This is not only embarrassing, but a clarion call to face the challenges head-on. For a country of 170 million people, it should not be too difficult to produce a handful of world beaters. Many times, the country has been lulled into sleep after what looks like excellent outings at the Commonwealth Games and African Championships. At such competitions, it is easy for Okagbare to win both the 100 metres and 200 metres events before anchoring the female relay teams to gold. The truth however is that these are inferior competitions that either do not include countries such as Russia, China, Germany and Ethiopia or are even shunned by top athletes from Jamaica, Canada and some other strong Commonwealth countries. Victories in such competitions, as is likely to happen in Congo at the ongoing All Africa Games, should therefore be celebrated with caution.
With the next Olympic Games due in the coming year in Rio de Janeiro, Brazil, only a miracle can see Nigeria coming back with a medal. Perhaps the talismanic Okagbare would be in the right frame of mind to conjure up one and send sport lovers into a frenzy, the type witnessed when Chioma Ajunwa, in Atlanta ‘96, leapt 7.12 metres to win Nigeria’s first individual Olympic gold medal in the long jump event. But a country with a great athletics tradition cannot continue to build its fate on happenstance; the situation requires drastic actions.
Since it takes at least four years of preparation to challenge for medals at the Olympic Games, the country has to start looking beyond Rio and start preparing for Tokyo 2020. Apart from working with the present set of athletes, there is the need to take the battle for sport revival to schools. The Sports Ministry should be ready to partner the Ministry of Education to revive inter-secondary schools competitions at the national level. It is the channel that served the country so well in the past.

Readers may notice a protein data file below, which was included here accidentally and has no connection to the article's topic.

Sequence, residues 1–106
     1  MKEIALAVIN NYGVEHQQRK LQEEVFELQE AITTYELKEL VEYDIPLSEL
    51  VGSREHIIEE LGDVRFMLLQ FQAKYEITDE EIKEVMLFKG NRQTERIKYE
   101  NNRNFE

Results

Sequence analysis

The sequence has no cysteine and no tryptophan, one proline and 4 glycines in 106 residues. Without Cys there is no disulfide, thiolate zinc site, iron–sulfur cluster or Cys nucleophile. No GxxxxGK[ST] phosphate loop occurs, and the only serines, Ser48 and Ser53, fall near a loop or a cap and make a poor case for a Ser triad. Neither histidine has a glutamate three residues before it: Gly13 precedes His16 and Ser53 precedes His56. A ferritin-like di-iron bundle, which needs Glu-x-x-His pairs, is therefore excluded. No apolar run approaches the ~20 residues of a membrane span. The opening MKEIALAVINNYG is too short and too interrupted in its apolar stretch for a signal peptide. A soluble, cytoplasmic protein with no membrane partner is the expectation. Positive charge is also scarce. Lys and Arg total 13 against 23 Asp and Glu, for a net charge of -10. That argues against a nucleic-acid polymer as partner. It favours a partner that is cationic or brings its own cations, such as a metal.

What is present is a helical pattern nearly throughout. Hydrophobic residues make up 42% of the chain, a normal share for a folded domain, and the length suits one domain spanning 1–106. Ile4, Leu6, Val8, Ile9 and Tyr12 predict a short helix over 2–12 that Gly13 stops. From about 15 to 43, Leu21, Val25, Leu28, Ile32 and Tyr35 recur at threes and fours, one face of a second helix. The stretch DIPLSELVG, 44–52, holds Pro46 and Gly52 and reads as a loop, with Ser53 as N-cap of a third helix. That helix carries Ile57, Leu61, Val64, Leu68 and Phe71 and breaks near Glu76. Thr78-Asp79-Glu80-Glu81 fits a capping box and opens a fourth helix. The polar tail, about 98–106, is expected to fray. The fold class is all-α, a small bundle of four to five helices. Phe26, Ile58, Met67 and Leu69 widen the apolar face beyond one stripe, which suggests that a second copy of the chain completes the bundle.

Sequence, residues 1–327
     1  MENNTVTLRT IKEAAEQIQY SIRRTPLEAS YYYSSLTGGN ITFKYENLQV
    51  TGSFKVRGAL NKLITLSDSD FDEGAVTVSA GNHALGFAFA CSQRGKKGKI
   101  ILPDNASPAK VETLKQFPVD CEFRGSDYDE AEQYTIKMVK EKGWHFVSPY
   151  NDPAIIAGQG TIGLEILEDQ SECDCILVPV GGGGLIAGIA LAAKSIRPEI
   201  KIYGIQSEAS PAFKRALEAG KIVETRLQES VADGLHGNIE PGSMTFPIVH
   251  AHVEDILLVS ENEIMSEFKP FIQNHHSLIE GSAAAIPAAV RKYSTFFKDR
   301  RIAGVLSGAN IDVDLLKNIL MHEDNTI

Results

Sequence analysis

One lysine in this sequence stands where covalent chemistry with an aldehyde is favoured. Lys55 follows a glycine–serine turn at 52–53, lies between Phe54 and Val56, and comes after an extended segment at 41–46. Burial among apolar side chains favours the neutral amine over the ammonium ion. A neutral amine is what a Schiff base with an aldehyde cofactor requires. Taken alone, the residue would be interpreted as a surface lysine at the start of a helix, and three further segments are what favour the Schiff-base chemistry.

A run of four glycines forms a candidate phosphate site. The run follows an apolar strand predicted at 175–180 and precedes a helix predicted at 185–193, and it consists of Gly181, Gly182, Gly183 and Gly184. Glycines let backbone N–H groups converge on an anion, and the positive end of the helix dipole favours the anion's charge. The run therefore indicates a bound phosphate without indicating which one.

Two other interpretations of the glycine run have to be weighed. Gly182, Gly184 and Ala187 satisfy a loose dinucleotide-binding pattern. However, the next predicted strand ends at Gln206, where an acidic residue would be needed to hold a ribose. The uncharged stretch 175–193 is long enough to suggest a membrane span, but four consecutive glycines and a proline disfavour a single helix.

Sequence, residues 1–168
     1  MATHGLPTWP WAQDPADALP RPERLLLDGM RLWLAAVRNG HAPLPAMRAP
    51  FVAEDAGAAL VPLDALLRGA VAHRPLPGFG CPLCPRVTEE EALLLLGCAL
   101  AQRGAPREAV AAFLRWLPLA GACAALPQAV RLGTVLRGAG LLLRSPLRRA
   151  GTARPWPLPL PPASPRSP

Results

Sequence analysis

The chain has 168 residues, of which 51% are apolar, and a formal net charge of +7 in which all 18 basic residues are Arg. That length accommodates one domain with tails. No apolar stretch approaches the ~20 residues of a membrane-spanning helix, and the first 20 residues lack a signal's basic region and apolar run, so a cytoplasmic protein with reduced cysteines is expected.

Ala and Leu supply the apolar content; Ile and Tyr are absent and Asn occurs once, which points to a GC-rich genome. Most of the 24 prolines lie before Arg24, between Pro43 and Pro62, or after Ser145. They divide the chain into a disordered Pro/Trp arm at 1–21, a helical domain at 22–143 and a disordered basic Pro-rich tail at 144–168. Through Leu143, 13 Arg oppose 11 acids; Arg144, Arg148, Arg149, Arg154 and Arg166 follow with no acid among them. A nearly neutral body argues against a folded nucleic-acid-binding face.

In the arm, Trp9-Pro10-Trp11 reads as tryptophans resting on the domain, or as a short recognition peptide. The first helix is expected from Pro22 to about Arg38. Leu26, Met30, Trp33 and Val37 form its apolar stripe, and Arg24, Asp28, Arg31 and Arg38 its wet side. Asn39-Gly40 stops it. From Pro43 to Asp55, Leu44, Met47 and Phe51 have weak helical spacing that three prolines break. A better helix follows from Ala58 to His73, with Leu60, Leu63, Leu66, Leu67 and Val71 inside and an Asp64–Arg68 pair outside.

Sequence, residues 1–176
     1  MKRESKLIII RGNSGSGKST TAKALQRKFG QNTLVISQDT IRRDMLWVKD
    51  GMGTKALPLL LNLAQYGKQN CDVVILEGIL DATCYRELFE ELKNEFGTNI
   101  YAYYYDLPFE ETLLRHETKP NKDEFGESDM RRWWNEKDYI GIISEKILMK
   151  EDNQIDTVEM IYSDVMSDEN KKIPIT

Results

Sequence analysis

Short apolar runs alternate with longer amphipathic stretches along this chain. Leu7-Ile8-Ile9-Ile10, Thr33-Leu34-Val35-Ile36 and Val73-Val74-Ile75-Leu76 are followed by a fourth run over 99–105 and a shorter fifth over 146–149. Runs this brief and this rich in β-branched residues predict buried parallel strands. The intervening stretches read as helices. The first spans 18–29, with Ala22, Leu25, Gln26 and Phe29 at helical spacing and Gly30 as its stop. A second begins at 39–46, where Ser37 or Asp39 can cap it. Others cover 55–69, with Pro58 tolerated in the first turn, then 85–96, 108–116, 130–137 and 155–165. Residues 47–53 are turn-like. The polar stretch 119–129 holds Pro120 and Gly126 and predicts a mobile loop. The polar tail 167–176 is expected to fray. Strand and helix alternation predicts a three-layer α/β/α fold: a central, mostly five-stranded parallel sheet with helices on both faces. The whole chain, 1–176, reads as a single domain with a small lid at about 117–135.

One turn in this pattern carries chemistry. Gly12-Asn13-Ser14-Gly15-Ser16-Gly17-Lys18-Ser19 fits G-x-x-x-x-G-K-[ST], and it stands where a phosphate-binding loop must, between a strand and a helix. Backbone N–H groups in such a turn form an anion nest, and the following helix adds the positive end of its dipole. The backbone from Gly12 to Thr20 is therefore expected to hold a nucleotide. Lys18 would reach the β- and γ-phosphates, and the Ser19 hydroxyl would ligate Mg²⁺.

The government, through the school system, can rekindle interest in sport and ensure that approvals are not given for the establishment of new schools if they lack playgrounds where children can engage in sporting activities. Aside from inter-school competitions, there should be meets at the local government and state levels. These are where hidden talents can be discovered and sent for nurture at the national level.
In the past, athletes who excelled in competitions were rewarded with scholarships. Most of the Nigerian athletes that did so well in the late 1970s up to the 1990s were beneficiaries of such scholarships to American universities, where they took advantage of the excellent facilities and coaching available there to hone their skills and challenge the best from other parts of the world. It is time to return to that system.
The only way to get the best out of Okagbare is to relieve her of the pressure she is currently facing. And what better way to achieve this than to produce more world class athletes like her? This will only come to pass through adequate funding by both the government and the private sector.